“This is Cain,” she says, “He’s new at our school.”
I put my hand up as a sort of wave, and Alyssa smiles. Her parents smile too, reaching out their hands to shake mine.
“Nice to meet you.”
To make conversation her Dad asks, “So where did you live before?”
“Not far away,” I reply, “Just a few hours.”
“Ah, must be tough starting new, huh?” Her Mum adds.
“Yeah, not the best. But I’m glad I can be here tonight with these guys. They’re great.” I say, smiling and looking around for the others, who seem to have disappeared.
“In here.” Her Mum pushes open the door to the right and I see Katie and Scott huddled up on the sofa with Alyssa and Carter on the floor. I walk in and the door shuts behind me.
“Hey, come join us with the popcorn,” Alyssa says from the floor, scoffing on sweet popcorn – I’m guessing her favourite.
“Or over here - this blanket is heaven, no joke.” Scott says, lifting it up at the edges, his arm draped over the back.
“Um…” I start, not knowing where to go. But Carter pulls me to the ground, his hand a soft grip on my arm. I pick up a sprite and take a sip. The fizz is alive on my tongue.
“Hey, we owe you a welcome.” He says, lifting a can of coke up to mine.
“Yeah, we do,” Katie agrees, holding up hers. Everyone does the same.
“Thanks guys – you don’t have to do this…”
“No, we do.” Alyssa says, smiling, “You are meant to be here.”
And no matter how cheesy it sounds, I like it. I like the way I’m paid attention to for once, with people that I think really care.
“Thanks guys,” I say, grinning like mad, “Thanks for everything.”
~ ~ ~
When I get home later, I’m buzzing. I just had the best night of my life and I’m still grinning from all the excitement. We ate a ton of food and just talked amongst ourselves really. I got to know them all a lot better and I felt like I sunk into somewhere I felt safe.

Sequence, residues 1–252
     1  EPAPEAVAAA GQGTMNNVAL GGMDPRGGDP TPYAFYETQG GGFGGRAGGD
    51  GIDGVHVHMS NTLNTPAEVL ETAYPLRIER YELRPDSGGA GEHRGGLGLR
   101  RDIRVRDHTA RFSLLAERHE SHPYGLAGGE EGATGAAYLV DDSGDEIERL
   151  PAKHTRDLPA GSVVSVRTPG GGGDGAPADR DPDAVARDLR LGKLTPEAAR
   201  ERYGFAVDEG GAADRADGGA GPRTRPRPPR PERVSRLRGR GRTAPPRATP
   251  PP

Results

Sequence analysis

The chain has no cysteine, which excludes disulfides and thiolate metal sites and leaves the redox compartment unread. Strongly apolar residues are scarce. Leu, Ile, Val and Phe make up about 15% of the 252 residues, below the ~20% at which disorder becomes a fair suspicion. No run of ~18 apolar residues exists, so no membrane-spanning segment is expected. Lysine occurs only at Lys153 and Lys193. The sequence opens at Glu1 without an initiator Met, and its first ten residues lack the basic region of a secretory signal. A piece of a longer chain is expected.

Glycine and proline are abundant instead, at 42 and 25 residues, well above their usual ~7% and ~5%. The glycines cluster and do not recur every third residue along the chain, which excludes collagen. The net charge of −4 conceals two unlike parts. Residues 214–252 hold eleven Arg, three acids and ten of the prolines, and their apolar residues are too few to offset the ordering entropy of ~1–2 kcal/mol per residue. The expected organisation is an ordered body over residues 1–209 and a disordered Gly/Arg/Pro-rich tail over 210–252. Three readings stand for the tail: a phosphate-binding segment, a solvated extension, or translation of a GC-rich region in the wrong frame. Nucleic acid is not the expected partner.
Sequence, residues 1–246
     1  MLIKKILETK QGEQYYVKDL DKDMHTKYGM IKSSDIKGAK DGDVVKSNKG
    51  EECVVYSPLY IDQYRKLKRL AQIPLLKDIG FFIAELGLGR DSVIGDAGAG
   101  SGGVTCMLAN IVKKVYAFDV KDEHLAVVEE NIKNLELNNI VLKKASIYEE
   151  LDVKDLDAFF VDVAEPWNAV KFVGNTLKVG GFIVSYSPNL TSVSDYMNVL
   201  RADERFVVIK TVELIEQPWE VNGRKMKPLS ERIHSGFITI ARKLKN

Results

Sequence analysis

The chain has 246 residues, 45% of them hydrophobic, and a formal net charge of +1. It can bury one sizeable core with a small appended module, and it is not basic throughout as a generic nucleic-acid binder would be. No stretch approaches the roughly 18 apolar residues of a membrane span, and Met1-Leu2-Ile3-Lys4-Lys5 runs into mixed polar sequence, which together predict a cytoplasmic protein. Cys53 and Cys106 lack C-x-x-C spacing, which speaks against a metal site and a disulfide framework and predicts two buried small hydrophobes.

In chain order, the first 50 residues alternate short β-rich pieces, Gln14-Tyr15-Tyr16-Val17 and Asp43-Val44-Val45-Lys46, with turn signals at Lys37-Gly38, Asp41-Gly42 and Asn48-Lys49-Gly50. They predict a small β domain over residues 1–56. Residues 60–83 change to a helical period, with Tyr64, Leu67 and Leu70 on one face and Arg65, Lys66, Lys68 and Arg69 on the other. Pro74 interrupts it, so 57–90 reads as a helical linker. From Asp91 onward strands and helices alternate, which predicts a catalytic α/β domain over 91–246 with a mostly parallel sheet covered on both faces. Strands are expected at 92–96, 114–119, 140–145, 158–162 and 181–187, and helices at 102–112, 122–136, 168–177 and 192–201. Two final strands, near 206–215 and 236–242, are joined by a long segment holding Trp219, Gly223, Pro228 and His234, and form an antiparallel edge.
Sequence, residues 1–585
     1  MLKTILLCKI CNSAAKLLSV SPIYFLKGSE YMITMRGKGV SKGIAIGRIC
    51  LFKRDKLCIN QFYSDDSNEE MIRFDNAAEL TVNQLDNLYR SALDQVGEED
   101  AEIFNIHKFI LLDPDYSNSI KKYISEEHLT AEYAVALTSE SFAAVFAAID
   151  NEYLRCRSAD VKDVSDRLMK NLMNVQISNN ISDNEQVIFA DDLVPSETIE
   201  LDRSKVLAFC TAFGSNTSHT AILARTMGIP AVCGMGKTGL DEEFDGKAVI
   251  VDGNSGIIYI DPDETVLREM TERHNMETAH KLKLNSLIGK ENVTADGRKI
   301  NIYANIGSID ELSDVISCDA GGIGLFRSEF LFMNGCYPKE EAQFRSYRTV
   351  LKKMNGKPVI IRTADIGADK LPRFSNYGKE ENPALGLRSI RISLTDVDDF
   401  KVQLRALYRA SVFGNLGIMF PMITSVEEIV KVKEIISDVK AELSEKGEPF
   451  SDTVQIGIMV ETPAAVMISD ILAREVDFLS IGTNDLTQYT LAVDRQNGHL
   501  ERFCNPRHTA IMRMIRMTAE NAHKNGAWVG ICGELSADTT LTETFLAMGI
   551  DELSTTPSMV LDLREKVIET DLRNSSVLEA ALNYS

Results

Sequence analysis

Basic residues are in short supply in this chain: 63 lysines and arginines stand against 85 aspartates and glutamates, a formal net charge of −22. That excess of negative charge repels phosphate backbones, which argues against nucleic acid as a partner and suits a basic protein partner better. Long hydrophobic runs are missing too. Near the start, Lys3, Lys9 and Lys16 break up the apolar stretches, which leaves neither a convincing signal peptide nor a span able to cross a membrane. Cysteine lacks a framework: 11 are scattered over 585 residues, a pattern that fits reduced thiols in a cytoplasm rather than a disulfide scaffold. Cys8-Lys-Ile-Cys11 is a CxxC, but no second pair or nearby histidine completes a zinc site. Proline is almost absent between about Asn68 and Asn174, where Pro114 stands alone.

“Hi,” My Dad calls out as I walk in, holding onto the wall as I slip off my shoes.
“Hey.” I start on my way upstairs and it’s only when I reach the top that I realise: I have some explaining to do.
As if on cue, Dad shouts, “Can I talk with you a minute?”
I can hear a few murmurs between Nancy and Dad downstairs. Rolling my eyes, I make my way back down and into the living room, joining them on the sofa. They are both staring at me wide eyed and to be honest, it is pretty awkward.
“So where did you go?” He asks.
I look between Dad and Nancy, suggesting that I don’t want her here. He pats her on the back and whispers something in her ear. She gets up soon after to start on the dishes, but I know she’s secretly listening in.
“I only went to the pizza place in town with friends,” I explain, “No big deal. We then went to Alyssa’s house for a bit. Her parents were there and all. They’re really cool, actually. I had a great time and…”
“Cain.” My Dad’s voice is stern, clearly not wanting to know the tiny details of my Friday night life story.
“What? I didn’t do anything I wasn’t meant to.” I insist, “And anyway, you should be happy that I’ve found some good friends.”
He just stares at me intensely. I wish he would speak and I wish he would just do something and not just sit there. But I know why he isn’t doing either. Unlike Nancy, I know something about him - I know something that I don’t want to know or feel, but I do. As he sucks in a breath to speak, I know he’s trying to control his anger, his mighty rage.
“I know you’re trying to get out there and have fun,” he starts off, nice and calmly, “But you need to tell me these things before you go. I had a right to know where you were going because you could have been anywhere, with dodgy people.”
“Did Katie look dodgy to you?” I ask, already becoming defensive of my new friends.
“For goodness sake Cain, you don’t understand.” He says, head in his hands.
“Of course I understand; I’m a teenager now not some small child!” I yell a bit too loudly. Nancy sideway glances at us but then goes back to the washing up.
“I know you’re not, but you’re acting like one right now. Just promise me you’ll tell me next time where you’re going and who with.”
“Promise you, huh?” I say, attitude I shouldn’t be using pouring out from inside me, where it’s been locked up. “Why should I? You can’t even keep one simple promise!”